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Campus Now

Early Spring Issue (Apr. 2014)


Research which contributes to world peace and the happiness of mankind

Reporting advanced results from Waseda of Research

Tomb excavated by the team from Waseda University Institute of Egyptology

The tomb’s entire inner room is decorated with beautiful wall paintings.

On December 29, the Institute of Egyptology (Director: Professor Jiro Kondo of the Faculty of Letters, Arts and Sciences) discovered a tomb with extremely well-preserved and colorful wall paintings during a dig in the southern al-Khokha Area, located across the Nile from the city of Luxor in the Arab Republic of Egypt. The discovery took place during the institute’s 7th excavation survey since its founding in 2007. The team had been surveying the tomb of Userhat, a high-ranking Egyptian official during the end of the reign of Amenhotep III of the 18th Dynasty.

The tomb dates to the Ramesside Dynasty of ancient Egypt. The owner of the tomb was Khonsuemheb, who was called Chief of the Workshop for Mut and Chief Brewer of the Temple of Mut. On the side wall of the northern part of the inner room, the tomb owner Khonsuemheb, his wife Mutemheb, and his daughter Isetkha are represented as silver statues. The walls of the inner room depict Khonsuemheb and his family worshipping Osiris and other ancient Egyptian gods. The ceiling of the inner room is engraved with the solar boat and the text of the Hymn to the Sun God. The image of a worshipping Khonsuemheb is depicted in brilliant colors. It is hoped that further exploration of this tomb will reveal more details about the history of construction for tombs in this area, ancient funeral rites and burial customs.

World’s first clarification of chromosome structure involved in regulation of genetic information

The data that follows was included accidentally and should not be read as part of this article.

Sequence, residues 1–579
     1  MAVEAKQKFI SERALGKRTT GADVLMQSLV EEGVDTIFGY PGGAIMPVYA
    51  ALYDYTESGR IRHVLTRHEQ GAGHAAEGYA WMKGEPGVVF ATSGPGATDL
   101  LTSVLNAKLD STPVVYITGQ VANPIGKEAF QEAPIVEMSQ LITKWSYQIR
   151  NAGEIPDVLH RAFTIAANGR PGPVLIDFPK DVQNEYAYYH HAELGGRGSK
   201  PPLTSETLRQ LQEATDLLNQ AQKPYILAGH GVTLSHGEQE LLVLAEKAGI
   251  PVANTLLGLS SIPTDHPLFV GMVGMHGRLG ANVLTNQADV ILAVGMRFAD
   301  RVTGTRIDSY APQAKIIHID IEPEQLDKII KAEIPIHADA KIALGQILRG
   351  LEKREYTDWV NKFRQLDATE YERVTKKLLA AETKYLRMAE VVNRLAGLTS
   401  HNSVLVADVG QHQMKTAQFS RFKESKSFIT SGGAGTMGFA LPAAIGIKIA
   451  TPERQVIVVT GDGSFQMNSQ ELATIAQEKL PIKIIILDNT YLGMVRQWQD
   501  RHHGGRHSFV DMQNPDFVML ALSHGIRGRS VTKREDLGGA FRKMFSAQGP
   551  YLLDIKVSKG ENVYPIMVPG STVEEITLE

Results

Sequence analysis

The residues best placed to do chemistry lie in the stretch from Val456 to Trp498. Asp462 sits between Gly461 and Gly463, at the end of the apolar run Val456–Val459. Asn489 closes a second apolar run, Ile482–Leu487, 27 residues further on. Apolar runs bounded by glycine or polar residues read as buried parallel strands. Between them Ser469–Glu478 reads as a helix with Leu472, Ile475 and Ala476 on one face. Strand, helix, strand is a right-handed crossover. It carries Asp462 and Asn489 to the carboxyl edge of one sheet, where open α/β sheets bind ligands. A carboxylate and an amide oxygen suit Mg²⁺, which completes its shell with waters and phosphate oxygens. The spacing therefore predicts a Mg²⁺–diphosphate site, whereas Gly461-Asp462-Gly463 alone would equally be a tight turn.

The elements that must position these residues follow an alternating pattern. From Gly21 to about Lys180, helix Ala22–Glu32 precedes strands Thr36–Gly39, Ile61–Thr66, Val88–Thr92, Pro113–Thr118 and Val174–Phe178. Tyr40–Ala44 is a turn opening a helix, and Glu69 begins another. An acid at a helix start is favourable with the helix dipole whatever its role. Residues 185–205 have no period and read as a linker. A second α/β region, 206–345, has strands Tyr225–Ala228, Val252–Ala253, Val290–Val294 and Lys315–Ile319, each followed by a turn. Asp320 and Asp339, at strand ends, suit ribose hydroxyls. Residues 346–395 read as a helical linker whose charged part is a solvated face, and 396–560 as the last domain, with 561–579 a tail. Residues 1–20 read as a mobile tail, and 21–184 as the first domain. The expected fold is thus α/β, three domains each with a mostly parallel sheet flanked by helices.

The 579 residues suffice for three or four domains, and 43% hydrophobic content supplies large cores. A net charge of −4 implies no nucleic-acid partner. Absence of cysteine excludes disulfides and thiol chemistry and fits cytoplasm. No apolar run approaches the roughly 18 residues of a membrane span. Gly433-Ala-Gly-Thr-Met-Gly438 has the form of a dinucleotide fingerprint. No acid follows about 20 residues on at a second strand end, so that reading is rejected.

Professor Hitoshi Kurumizaka (Faculty of Science and Engineering) and graduate student Yasuhiro Arimura of the Kurumizaka Laboratory were part of the world’s first research group to clarify the chromosome structure involved in regulation of genetic information that exists specifically in the testis. The research group included Associate Professor Hiroshi Kimura of Osaka University and Professor Mamoru Sato of Yokohama City University.

All the genetic information of human beings is written on a genome DNA which is 2 meters long. This genome DNA is folded into a small shape and stored inside the nucleus of cells. In order to replicate the necessary genetic information, it is necessary to unravel certain portions of the folded genome DNA. The current research has clarified that the protein known as histone H2A.B loosens the folds and creates an environment in which DNA can function easily. This is an important discovery for illuminating the restoration, replication and transcription mechanisms of genome DNA. It also provides important knowledge for understanding a structure of the sperm formation process and is expected to contribute to the advancement of reproductive medical techniques. The research was published in the journal Scientific Reports by the Nature Publishing Group.

Folds are loosened when histone H2A.B is taken in.

Development of a ratio-metric nano-thermometer for measuring cell temperature in water

Nano-thermometer which measures only temperature in water without response to external environment

A research group lead by Head Researcher Madoka Suzuki of the Waseda Bioscience Research Institute in Singapore (WABIOS) and Professor Shinji Takeoka (Faculty of Science and Engineering) has succeeded in developing a “ratio-metric nano-thermometer” which measures the internal temperature of cells within water without contacting the cells. In 2012, the group had developed a nano-thermometer which walks within cells to enable measurement of small and localized temperature changes within cells.